West Africa

Our drive through the Sahara Desert was an exhausting endurance; long days in confined quarters with little to no change in scenery. Our arrival into West Africa was a beacon of hope, shining for us as we arrived in what felt like the “real” Africa. The semi-arid region of the Sahel borders the Sahara Desert to the north, and with it a change in the warmth and attitudes of the people the moment we crossed into Mali.

West Africa is known for many of the wrong reasons; places like Sierra Leone and the Ivory Coast grab all the headlines. These countries with dark pasts, home to an unthinkable tragedy, instead of bright spots like Ghana and Senegal. It is also home to two of the four poorest countries in the world; Mali and Burkina Faso. But the radically different tribes and peoples calling the place home is what makes this part of the world so amazing.

We began our West Africa adventure in the north-west of Mali, spending a night near the Mauritanian border before making our way to the capital, Bamako. From there we followed the Niger River to the north, spending nights in Segou and Djenne before heading into Dogon Country on our way to Burkina Faso and eventually Benin. We spent a few nights in the Panjari National park in the north of Benin before heading to the capital, Porto Novo. From there we looped back to the West, traveling through Togo and eventually arriving in Ghana.

The “Gold Coast” has a long and troubled history that stretches back for hundreds of years. It was colonized as early as 1482 starting with the Portuguese and changed hands many times; the Dutch, the British, the Swedish and the Germans all occupied forts along the coast at some point. The Coast was used as a trading point for rich African goods, particularly gold, from which the region takes its name from.

But the history of the region took a dark turn when these same castles and forts became major transit hubs for African Slaves heading to the New World. The forts and castles that litter the coast remain as a reminder of this dark period of human history. You can feel the screams and horror when you enter these historic structures.

After traveling in French-speaking West Africa, being able to speak English again after arriving in Ghana was one of the pleasant surprises, as the language barrier was removed. The country is well off by African standards. It was one of the first African countries to regain independence in 1957, it has been one of Africa’s few good stories, with democratic elections and foreign investment.

We spent a few days in Accra, a modern capital city and arranged our plans. We traveled inland to Kumasi – the traditional home of the Ashanti Kingdom – which was a formerly powerful regional Empire. From there we returned to the coast and visited Busua, Dixcove, Elmina and Cape Coast before returning to Accra.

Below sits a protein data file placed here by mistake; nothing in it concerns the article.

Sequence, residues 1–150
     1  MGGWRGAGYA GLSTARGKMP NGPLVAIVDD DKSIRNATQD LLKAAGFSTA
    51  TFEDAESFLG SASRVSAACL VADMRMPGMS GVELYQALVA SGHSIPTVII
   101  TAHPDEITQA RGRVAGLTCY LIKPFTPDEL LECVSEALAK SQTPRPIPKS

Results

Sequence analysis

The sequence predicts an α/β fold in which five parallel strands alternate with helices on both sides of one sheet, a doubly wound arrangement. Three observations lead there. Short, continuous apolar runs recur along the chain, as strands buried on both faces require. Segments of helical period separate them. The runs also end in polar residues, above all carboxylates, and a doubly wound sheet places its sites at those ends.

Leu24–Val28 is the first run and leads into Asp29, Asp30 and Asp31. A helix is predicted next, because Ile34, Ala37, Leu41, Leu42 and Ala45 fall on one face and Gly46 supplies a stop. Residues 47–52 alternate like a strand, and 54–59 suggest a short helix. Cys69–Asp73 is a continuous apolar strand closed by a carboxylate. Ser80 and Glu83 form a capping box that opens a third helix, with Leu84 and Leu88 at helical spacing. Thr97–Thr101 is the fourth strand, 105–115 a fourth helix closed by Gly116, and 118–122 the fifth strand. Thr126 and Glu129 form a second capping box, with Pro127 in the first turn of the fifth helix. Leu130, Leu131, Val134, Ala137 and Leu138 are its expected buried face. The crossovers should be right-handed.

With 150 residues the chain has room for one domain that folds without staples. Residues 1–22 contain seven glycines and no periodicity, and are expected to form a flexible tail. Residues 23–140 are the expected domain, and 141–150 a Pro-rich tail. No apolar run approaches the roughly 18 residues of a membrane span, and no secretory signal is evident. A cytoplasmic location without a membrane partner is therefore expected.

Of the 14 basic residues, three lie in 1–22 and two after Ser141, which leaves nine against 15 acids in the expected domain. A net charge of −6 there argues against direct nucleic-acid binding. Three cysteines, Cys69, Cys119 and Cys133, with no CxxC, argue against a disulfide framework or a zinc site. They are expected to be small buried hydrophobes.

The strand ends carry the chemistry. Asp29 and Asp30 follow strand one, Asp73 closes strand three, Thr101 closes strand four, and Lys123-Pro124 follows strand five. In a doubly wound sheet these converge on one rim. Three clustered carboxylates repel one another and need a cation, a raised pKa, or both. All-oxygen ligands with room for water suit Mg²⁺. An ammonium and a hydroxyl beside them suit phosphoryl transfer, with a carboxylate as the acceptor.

This post features pictures from Mali, Burkina Faso, Benin, Togo and Ghana taken during an overland trip I took in 2008.

 

West Africa:

 

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Djenne Mud Mosque in Northern Mali. 2008.

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The fishing village of Elmina, Ghana. 2008.

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Camped out on the beaches of Ghana. 2008.

 

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Dixiecove Fortress. 2008. 

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Gas for sale in recycled bottles on the side of the road. 2008.

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Beautiful views of the Atlantic Ocean from Elmina Fortress. 2008.

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Sunset at Djenne Mud Mosque. 2008.

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Overlooking Elmina Fortress. 2008.

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Hippopotamus in Panjari National Park in Benin. 2008.

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Inside one of the slave chambers at Elmina Fortress. This was the creepiest room I’ve ever been inside, as all your senses are heightened knowing what happened here. 2008.

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Locals trying to sell us souvenirs and food on the ferry to Djenne. 2008.

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Soccer pitch in the center of town in Elmina. 2008. 

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Tree reflection in Panjari National Park, located in Northern Benin. 2008.

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Fishing Boats in Elmina, Ghana. 2008.

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Elmina Fortress. 2008.

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Elmina Fortress. 2008.

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Elmina fishing village from above. 2008.

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Fishing on the Atlantic Ocean. 2008.

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Fishing Boats parked on the shore in Cape Coast. 2008.

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Ferry Crossing on the Niger River on our way to Djenne. 2008.

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Gateway monument marking where some African Slaves left for the Americas. 2008.

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The “Pope” of the Voodoo religion. 2008. 

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Fishing boats along the coast in Elmina, Ghana. 2008.

 

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City streets at mid-day in Kumasi, Ghana. 2008.

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Elmina Fortress. 2008.

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Kids playing in front of the UNESCO Mud Mosque of Djenne. 2008.

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Djenne Mud Mosque in Northern Mali. 2008.

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